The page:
By David Hargreaves
The rate of growth in mortgage borrowing is continuing to slow sharply.
A bit of crunching of the latest Reserve Bank figures monitoring sector credit shows that in August the annual rate of growth in mortgage borrowing dropped to 6.9%, which is the lowest rate of annual growth in nearly two years.
Since the RBNZ unfurled the blunderbuss of 40% deposits for housing investors, unofficially from July, officially from October last year, the impact has been dramatic.
Add in the effects of more capital constraints from the Australian banks stemming from requirements over the ditch, the squeeze resulting from declining deposit growth rates, and the move by the big banks to 'ration' credit and the money is certainly not flowing to the would-be borrowers like it was.
The 6.9% annual growth rate in mortgages for the 12 months to the end of August compares with a 9.3% growth rate for the year ended December 2016 - which happened to be the peak of the current cycle.
Percentages in isolation can be meaningless and paint misleading pictures. So, to put this in dollar terms, in the 12 months to the end of August 2017, the amount outstanding on mortgages in New Zealand rose by $14.962 billion (to a grand total of $239.365 billion). In the 12 month period to the end of 2016 the total amount borrowed rose by some $19.614 billion, while in the period from August 2015 to August 2016 the total grew by $18.808 billion.
So, comparing apples with apples, the total amount of mortgage money outstanding rose by some $3.846 billion (20.4%) less in the last 12 months (to August) than it did in the previous 12 month period to August 2016.
All things are relative of course. Go back to August 2011 and the annual rate of growth in mortgage borrowing was just 1.3% - the dollar amount rose just $2.88 billion in that 12 month period. But those were not good times. It was the post-GFC, post-early 2000s housing boom hangover.
Things really started cranking up again in 2012. Between August 2012 and August 2013 the annual rate of growth in mortgage borrowing more than doubled from 2.5% to 5.6%. It was during this period that grumbles started emerging from the RBNZ about the growth in credit.
And indeed it was October 2013 that saw introduction of the first round of LVR measures. This did check credit growth, with the annual growth rate dipping from 5.9% as at the end of 2013 to as low as 4.5% by November 2014.
However, in the immediate aftermath of the 2014 election, and resumption of the National-led status quo, things went nuts and the credit growth annual rate had more than doubled, to 9.1% by August 2016.
It is worth putting even the 9% growth figures in some historic perspective, however.
The RBNZ's been breaking out the mortgage figures alone only since 1999. Those very first monthly figures in the series saw annual mortgage borrowing total growth of 10%+, dipping down to a low of 6.6% in early 2001 before rising into double figures again by early 2003.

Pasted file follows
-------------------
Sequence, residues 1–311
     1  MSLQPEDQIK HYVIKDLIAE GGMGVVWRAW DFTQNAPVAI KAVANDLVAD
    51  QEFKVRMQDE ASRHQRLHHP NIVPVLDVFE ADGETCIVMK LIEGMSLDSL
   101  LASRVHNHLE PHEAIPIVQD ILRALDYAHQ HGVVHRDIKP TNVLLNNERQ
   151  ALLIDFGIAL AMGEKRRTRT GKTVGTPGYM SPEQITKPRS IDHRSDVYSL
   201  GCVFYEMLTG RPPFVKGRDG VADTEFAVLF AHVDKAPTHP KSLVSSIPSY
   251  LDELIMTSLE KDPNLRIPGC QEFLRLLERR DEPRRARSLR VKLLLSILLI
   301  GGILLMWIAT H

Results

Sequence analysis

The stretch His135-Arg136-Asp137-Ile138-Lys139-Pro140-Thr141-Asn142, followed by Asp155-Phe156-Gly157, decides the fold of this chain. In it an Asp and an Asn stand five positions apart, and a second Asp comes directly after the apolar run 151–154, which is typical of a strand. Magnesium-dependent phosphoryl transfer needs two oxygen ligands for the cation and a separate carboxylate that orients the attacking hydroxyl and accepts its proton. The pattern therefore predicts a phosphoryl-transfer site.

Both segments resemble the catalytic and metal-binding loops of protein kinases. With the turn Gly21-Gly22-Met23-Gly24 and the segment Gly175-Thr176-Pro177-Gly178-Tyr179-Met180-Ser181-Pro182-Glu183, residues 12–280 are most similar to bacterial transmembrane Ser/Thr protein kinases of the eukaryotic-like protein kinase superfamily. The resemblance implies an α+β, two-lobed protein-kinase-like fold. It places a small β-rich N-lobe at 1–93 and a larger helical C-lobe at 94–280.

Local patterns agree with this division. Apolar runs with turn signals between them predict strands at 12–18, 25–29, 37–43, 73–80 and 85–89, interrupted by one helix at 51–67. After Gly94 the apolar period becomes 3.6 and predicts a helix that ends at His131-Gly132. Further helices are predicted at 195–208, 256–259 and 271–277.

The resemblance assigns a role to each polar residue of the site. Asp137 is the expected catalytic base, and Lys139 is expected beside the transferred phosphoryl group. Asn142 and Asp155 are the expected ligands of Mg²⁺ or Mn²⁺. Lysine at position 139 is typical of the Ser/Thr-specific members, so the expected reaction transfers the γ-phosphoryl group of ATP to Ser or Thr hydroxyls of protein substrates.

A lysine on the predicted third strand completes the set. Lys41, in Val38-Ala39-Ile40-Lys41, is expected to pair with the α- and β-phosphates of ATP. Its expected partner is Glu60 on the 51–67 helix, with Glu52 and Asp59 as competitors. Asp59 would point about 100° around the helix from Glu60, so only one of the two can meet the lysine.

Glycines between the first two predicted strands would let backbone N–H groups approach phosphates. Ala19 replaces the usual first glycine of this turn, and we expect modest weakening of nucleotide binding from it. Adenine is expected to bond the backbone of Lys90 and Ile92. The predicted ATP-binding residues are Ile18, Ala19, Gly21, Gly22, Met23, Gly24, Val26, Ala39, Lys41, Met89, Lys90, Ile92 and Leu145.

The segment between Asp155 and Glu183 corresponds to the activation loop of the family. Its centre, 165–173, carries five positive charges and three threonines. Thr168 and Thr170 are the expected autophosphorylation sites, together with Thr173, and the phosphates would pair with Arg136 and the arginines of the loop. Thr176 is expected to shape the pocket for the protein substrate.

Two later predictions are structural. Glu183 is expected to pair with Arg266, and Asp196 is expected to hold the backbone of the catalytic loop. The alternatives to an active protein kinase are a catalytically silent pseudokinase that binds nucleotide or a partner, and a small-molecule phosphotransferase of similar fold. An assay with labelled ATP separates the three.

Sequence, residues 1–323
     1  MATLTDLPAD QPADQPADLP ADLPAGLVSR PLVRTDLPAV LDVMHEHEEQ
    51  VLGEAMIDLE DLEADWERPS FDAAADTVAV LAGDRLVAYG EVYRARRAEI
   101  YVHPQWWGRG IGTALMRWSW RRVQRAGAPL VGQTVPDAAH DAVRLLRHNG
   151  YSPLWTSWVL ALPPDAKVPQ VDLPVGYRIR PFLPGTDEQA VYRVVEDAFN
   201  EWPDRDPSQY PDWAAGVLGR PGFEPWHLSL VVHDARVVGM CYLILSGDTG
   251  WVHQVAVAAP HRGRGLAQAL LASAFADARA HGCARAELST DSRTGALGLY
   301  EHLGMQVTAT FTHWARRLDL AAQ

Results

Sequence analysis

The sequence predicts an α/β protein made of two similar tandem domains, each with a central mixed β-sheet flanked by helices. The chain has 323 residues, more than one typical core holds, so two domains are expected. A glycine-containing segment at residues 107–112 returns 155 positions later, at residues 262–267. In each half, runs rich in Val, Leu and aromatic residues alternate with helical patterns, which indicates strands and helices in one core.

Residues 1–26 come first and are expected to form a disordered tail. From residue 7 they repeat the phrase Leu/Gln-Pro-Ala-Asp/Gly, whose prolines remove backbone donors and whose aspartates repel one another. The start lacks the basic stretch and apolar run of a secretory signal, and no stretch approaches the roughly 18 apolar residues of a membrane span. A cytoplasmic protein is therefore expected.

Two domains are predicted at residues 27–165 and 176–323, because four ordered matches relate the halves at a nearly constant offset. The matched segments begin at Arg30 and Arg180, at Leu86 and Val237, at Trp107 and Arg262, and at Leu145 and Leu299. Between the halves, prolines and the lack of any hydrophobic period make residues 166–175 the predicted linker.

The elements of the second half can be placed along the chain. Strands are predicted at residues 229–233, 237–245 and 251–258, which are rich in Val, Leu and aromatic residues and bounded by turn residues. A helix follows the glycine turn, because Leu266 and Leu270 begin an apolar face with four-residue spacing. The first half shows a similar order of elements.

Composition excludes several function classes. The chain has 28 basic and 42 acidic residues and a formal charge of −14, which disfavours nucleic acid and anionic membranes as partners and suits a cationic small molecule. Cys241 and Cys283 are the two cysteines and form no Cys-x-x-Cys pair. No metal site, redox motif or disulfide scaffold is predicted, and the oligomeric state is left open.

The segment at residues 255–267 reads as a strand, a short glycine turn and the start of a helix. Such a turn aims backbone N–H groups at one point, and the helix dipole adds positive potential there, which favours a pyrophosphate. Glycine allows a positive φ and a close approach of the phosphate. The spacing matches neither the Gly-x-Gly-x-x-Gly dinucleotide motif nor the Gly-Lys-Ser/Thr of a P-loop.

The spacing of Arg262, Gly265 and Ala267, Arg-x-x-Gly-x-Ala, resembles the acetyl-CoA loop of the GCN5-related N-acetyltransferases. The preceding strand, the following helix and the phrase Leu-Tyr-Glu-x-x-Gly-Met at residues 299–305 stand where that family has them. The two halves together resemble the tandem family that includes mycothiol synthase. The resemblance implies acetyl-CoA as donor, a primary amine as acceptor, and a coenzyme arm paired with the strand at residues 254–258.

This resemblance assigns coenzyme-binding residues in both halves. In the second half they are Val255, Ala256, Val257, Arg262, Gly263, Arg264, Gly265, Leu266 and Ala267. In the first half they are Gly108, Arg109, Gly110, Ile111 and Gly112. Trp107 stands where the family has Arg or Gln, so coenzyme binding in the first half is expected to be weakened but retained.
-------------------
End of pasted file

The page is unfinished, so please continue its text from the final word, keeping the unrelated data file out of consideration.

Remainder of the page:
The annual growth rates then stayed in double figures right through till April 2008, with a peak of an eye-watering 17.5% growth in the 12 months to April 2004.
If we look at the longer RBNZ series, dating back to 1991 and which takes in consumer borrowing as well as mortgages, the annual growth figures there were in double figures all the way from 1991 through to mid-1998, briefly back in double figures in 1999 and then again from 2003 through to early 2008,
All of which raises the question of where the RBNZ would be comfortable with credit growth rates sitting.
What the growth rates don't tell us of course is how indebted people are.
Well, we know separately from the RBNZ's key household financial statistics series that, including rental properties, household financial liabilities as a percentage of household disposable income are currently at a record high of 168%. At the start of this century this ratio had just pushed past 100%.
So, clearly the extent to which household finances could bear continued fast growth in mortgage borrowing would appear more limited compared with years ago. Or, certainly, the RBNZ would be less tolerant of it.
Given the current slowing trend in monthly mortgage borrowing and the uncertainty both in the run-up to and now post the election, it would appear almost certain those annual growth figures in mortgage borrowing will slip further, most probably below 6% and even possibly below 5%.
It's informative perhaps maybe that the first wave of LVR measures were implemented when the mortgage growth rates were heading toward 6% - and that they subsequently fell back to the mid 4% range.
Might this perhaps suggest that the RBNZ gets increasingly uncomfortable with growth rates in excess of 6%?
If that is the case, what's the view then once we do - if we do - see the growth rates start to slip below 5%? If a reduction from growth rates of 9% to 5% is good, are we saying it's still good when those rates are down to 1%?
I suspect not.
Watch this space then. Because once we get to the other side of Christmas the pressure is likely to build on the RBNZ to ease up on those LVRs.
The current trend of the figures suggest that the RBNZ needs to keep a close watch. Because if you squeeze all the life out of something, it can take a while to recover.
There's certainly plenty to think about.